One of the basic fears of religious fundamentalists who challenge the teaching of evolution, be they 'young-earth' creationists, 'old-earth' creationists or the slightly more sophisticated crowd of 'intelligent design' supporters (Scott, 1997), springs from the idea that the teaching of evolution sets us on a slippery slope that inevitably ends with atheism. Leaving aside the fact that many scientists can be both religious and believe in evolution, and the obvious point that atheism is a legitimate philosophical position that—in a pluralistic society—ought to receive the same degree of respect as any other metaphysical school of thought, 'slippery slope' arguments are logically fallacious (Epstein, 1999). The fallacy lies in the fact that most people—including, alas, prominent science popularizers such as Richard Dawkins—do not make the subtle but crucial distinction between methodological and philosophical naturalism.
Naturalism, broadly speaking, is the idea that there is only nature and that the supernatural realm and phenomena do not exist. As a philosophical position, it has a long history of elaboration and debate. Philosophical naturalism, then, is the strong metaphysical position that there is, as a matter of fact, no such thing as the supernatural nor a higher being, which obviously characterizes any individual who considers themselves an atheist. Methodological naturalism, however, is a metaphysically more modest claim. It takes the position that while there may be a supernatural realm or being, it does not enter and need not be invoked in any discussions of scientific findings (Forrest, 2000). For the methodological naturalist, scientific explanations of the world around us are naturalistic by definition, or else science would not have produced a set of reliable theories and empirical methods to work with and build on. This is why the most embarrassing question one can ask a proponent of intelligent design is: if I gave you a million dollars to set up a scientific research programme, what experiments would you pursue with the grant? There is no possible answer.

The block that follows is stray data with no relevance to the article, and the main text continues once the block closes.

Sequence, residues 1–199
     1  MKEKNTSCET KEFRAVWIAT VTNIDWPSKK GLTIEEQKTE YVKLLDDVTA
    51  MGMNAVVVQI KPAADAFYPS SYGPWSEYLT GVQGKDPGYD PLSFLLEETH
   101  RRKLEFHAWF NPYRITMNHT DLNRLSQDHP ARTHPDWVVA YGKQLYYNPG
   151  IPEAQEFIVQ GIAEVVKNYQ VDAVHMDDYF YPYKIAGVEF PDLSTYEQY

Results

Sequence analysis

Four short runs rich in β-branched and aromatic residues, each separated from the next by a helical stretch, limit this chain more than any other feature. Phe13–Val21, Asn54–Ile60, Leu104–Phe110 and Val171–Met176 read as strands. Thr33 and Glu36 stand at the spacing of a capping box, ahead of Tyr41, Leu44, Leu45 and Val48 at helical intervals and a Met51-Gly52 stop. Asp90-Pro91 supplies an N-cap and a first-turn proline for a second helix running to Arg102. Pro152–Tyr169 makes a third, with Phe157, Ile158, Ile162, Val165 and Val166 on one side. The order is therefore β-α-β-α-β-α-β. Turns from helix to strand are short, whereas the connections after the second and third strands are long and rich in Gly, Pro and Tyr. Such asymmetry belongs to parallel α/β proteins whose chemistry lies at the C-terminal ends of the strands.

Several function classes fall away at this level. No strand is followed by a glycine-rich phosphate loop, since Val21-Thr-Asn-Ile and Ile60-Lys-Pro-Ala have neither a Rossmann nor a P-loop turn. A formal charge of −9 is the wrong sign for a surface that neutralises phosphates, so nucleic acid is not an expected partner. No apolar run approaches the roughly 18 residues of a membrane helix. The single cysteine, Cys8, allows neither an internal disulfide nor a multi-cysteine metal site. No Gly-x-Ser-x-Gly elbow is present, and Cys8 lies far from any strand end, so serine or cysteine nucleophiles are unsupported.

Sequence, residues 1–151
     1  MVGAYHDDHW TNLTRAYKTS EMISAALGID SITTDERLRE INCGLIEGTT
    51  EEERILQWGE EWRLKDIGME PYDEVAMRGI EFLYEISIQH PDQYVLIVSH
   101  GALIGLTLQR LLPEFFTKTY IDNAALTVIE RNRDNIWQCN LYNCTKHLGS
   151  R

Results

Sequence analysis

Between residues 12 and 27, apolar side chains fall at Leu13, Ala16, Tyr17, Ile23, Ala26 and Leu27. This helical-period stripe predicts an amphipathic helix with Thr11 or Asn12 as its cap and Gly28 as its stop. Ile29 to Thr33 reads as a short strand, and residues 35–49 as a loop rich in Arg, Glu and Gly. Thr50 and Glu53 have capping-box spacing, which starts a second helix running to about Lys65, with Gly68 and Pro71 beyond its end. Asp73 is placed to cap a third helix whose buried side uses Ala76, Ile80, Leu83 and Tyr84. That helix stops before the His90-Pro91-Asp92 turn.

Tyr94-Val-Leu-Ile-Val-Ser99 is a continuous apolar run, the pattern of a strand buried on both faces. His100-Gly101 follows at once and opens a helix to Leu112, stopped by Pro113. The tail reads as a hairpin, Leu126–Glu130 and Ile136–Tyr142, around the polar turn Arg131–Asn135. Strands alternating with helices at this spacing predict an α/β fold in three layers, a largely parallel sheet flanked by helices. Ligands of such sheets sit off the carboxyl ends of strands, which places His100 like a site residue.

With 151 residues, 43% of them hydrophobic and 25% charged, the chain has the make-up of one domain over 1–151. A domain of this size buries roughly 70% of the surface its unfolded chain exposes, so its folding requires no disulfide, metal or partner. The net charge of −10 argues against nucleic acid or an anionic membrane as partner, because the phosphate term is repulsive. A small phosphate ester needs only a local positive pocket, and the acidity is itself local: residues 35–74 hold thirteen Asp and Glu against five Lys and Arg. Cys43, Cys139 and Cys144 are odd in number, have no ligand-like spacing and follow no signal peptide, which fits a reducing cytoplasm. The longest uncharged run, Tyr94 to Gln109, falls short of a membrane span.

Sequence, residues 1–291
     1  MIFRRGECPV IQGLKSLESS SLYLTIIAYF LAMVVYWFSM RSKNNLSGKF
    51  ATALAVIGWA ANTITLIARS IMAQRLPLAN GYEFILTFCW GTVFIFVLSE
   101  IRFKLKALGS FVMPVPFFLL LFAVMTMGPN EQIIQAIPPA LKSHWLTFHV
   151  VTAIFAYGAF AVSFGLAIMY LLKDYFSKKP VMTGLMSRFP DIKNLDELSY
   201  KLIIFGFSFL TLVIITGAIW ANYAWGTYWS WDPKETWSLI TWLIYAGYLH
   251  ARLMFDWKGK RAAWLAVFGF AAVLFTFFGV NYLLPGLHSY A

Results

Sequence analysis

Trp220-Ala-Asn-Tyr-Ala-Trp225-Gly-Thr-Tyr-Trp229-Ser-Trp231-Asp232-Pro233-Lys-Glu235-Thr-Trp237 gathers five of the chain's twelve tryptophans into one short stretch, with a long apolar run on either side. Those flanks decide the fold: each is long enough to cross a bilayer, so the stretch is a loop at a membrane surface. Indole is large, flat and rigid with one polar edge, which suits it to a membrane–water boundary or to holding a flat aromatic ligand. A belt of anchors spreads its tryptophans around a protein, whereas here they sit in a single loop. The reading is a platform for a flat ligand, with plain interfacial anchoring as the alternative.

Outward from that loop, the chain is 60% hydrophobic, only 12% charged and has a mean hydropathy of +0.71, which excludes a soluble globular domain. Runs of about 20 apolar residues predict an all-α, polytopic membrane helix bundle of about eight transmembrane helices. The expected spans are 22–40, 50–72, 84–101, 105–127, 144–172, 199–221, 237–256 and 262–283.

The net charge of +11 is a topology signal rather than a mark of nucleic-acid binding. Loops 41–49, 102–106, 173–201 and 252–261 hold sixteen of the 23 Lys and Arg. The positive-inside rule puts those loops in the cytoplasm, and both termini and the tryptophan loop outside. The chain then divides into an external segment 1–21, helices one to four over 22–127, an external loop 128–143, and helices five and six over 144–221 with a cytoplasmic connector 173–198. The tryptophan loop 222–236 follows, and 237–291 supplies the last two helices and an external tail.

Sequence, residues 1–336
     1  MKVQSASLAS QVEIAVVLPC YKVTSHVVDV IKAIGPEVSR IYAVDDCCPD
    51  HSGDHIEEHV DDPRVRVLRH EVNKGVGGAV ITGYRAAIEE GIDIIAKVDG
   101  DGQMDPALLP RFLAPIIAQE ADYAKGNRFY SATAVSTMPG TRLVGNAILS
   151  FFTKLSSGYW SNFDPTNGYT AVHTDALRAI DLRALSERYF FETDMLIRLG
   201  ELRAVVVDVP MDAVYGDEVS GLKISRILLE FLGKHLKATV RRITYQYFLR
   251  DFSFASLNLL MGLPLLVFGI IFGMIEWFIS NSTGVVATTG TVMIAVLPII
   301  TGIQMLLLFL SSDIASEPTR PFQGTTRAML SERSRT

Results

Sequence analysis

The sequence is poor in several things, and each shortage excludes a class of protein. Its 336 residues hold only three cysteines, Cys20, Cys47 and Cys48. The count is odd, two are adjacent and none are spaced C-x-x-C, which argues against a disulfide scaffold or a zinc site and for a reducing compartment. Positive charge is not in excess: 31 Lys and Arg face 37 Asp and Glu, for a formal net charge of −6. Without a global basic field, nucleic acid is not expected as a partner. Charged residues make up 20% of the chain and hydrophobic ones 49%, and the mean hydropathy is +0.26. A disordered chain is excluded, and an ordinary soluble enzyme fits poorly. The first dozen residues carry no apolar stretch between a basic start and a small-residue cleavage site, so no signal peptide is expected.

The crucial point here is that scientists are by definition methodological naturalists; however, they do not have any specific commitment to philosophical naturalism aside from their own metaphysical views. In other words, science does not necessarily demand atheism, as feared by the fundamentalists. How can we explain this to the general public? One way is to point out that most people are methodological naturalists when it comes to everyday life. Suppose your car does not start today: how do you react to such an annoying occurrence? Most probably you will not invoke a supernatural explanation, nor will you attempt to have the car exorcised by a priest. Instead, regardless of your religious convictions, you will take it to a mechanic, assuming—methodologically—that there must be something physically wrong with the vehicle. Moreover, even if the mechanic is not able to find the problem and fix your car, you will persist in the reasonable belief that there must be something physically out of place, with no supernatural implications or intervention required. You will shrug your shoulders, grudgingly pay the bill, and go in search of a new car or another mechanic. That is exactly what scientists do, and are required to do by their profession—no more, no less.
Scientists and science educators, when faced with irrational attacks against science, usually respond by clamouring for more and better science education. However, there is evidence that increasing science literacy not only will be insufficient, but also may have little or no effect if it is not accompanied by similar efforts to teach critical thinking and the philosophy of science (Walker et al, 2002; Johnson & Pigliucci, 2004). The problem is that too much pre-college and even introductory-level college science education focuses on factual knowledge at the expense of broad conceptual issues, especially in the biological sciences. Obviously, we want our students and the population at large to be clear on some fundamental scientific facts; but, more importantly, we desperately need people who understand the scope, power and especially the limits of the scientific enterprise. Such understanding is crucial for the functioning of modern democracies, in which science has an ever-increasing role in everyday life.